BlackRock navigates a divided America

From West Virginia coal country down to Trump-friendly Florida and out to the Texas energy patch, billionaire Larry Fink has a new headache: a red-state uprising.

More and more, BlackRock Inc., Fink’s $10 trillion asset management giant, is confronting a Wall Street version of the clangorous divides in American politics.

In oil-rich Texas, BlackRock is being castigated by the Republican establishment for even talking about reducing greenhouse gases. In West Virginia, where King Coal casts its shadow, it’s been cut out of a state treasury fund. And in Florida, the redoubt of Donald Trump, Gov. Ron DeSantis, a presidential hopeful, is targeting investments in China managed by BlackRock and others.

The money at stake — if it’s really at stake at all — is a pittance given BlackRock’s size. But together, the developments underscore how politics keeps seeping into the nation’s business life and risks snowballing for BlackRock so that its brand becomes a pariah among the GOP establishment. Several major banks have faced similar blowback in the normally ho-hum world of municipal bond underwriting.

Even BlackRock, the world’s biggest money manager, is treading gingerly. The New York-based company recently hired four lobbyists to try to lower the heat in Austin, the Texas capital. It added two Republicans in Washington as well, perhaps in case the party takes over Congress after the November midterm elections.

“This matters to us because this politicization of pension funds that we’re seeing goes against everything we stand for and our principles as an organization,” Mark McCombe, chief client officer at BlackRock, said in an emailed statement. “Retirees deserve financial security. As a fiduciary, our job is to help drive better outcomes for them. When you limit choice, it’s the retirees that bear the true costs.”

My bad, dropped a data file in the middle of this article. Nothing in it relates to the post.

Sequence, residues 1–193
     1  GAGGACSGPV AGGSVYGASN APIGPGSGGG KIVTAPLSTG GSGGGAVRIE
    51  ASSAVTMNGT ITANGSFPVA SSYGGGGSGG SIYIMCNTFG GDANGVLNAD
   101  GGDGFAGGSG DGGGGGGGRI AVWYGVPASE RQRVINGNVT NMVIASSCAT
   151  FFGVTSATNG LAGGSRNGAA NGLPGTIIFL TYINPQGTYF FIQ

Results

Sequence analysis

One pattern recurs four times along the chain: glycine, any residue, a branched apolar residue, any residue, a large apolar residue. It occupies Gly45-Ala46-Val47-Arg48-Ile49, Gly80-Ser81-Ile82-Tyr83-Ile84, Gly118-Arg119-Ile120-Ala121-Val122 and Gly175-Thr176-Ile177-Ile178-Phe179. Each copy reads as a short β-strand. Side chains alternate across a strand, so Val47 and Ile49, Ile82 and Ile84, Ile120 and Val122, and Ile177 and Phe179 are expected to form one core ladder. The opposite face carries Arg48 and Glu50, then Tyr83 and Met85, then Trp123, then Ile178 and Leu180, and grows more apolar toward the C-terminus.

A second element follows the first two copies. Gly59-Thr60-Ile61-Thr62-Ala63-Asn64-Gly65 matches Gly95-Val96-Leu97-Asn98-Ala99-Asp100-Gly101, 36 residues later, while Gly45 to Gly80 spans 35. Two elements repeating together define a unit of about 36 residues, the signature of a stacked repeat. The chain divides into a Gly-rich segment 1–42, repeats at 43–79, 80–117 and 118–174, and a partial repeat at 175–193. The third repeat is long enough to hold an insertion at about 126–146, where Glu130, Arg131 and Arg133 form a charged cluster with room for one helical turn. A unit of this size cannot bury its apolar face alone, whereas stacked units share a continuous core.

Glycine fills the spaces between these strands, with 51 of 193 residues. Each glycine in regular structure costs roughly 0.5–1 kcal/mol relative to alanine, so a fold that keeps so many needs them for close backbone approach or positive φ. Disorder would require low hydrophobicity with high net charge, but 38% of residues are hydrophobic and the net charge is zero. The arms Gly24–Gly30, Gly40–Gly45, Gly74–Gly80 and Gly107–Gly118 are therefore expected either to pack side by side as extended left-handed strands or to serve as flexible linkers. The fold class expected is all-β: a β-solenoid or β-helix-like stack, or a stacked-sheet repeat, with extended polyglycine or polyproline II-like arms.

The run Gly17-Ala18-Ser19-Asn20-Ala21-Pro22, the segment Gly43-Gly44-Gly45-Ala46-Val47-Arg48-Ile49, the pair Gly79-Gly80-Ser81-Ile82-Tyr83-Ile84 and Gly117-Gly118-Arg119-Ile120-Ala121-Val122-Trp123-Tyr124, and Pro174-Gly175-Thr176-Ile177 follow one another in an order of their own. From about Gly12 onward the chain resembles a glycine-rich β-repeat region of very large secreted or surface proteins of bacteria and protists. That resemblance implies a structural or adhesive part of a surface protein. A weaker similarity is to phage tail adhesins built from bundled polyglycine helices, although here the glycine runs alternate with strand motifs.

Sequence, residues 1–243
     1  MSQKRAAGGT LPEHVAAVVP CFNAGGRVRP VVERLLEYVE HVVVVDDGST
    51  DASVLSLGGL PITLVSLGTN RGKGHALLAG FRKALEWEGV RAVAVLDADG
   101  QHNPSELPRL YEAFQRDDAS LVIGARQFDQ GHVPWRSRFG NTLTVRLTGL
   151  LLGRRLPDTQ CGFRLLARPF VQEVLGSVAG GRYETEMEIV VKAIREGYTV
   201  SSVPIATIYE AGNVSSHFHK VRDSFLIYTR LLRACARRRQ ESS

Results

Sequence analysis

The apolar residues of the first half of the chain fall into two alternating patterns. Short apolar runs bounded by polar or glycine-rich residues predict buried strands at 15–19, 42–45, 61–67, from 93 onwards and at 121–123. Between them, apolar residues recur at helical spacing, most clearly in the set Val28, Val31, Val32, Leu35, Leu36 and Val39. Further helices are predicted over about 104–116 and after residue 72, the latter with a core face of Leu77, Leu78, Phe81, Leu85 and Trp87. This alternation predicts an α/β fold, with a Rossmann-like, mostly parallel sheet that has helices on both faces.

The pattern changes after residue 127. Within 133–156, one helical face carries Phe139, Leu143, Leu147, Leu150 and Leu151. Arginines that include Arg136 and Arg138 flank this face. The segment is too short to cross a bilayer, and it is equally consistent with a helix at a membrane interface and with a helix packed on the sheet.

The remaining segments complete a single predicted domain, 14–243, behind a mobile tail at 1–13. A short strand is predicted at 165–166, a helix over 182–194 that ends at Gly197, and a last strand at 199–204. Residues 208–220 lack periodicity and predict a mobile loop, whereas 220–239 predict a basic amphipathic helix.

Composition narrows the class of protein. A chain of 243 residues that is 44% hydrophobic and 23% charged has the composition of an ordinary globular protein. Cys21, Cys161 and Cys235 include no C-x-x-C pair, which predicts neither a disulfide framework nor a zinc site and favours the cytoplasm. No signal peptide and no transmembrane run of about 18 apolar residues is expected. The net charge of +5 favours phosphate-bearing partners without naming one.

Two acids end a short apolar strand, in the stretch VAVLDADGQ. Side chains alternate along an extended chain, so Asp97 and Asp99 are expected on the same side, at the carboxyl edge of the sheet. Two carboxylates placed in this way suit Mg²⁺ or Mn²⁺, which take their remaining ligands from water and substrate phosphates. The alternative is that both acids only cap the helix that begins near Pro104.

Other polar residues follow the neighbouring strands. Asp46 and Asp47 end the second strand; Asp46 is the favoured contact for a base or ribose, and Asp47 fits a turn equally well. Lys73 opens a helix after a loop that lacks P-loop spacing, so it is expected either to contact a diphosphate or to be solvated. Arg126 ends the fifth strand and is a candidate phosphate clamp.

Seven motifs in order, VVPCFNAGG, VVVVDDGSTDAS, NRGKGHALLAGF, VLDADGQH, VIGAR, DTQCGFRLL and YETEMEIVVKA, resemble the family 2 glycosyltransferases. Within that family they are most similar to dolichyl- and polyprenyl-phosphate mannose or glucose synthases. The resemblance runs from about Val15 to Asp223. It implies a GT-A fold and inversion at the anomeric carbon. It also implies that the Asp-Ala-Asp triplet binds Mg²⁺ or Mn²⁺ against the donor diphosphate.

Red state or blue, Fink, 69, can’t catch a break. On fossil fuels — BlackRock owns, among other things, roughly 6% of Exxon Mobil Corp. — he’s caught in the uncomfortable middle: One side wants him to divest to save the planet, the other to stand by industry and local economies.

BlackRock’s chief executive has become a prominent voice in business over the past decade in urging companies to think about more than just profits. His annual letters on “stakeholder capitalism” have drawn a lot of attention, as well as criticism from both sides. Liberals say Fink is failing to back up words with action, while conservatives say he’s pandering to the woke mob.

“Stakeholder capitalism is not about politics,” Fink wrote in his latest letter to fellow CEOs, released on Jan. 17. “It is not a social or ideological agenda.’”

Trouble hit, and fast. Within 48 hours, the lieutenant governor of Texas, Dan Patrick, was accusing BlackRock of being hostile to the state’s oil and gas industry. Never mind that BlackRock has many billions invested in the fossil-fuel industry, including its huge stake in Irving, Texas-based Exxon. BlackRock is the oil giant’s second-biggest shareholder, after Vanguard Group.

Patrick called for BlackRock to be added to a blacklist that the state is compiling of companies that supposedly boycott the energy industry. Under a 2021 law, Texas can restrict state business with companies that end up on that list. The state comptroller’s office, which is still drawing it up, stressed that it isn’t targeting any companies in particular. 

“It is perfectly reasonable for a state to defend a key industry,” BlackRock’s McCombe said in his statement. “This is important to get right for all parties involved and we don’t want to be portrayed as not being supportive of energy companies. We are working with them, not against them.”

To mitigate any damage, McCombe and Dalia Blass, a former senior Securities and Exchange Commission official who heads external affairs at BlackRock, have met with Texas officials in recent weeks, according to a person familiar with the matter. BlackRock executives have also met with local energy trade groups.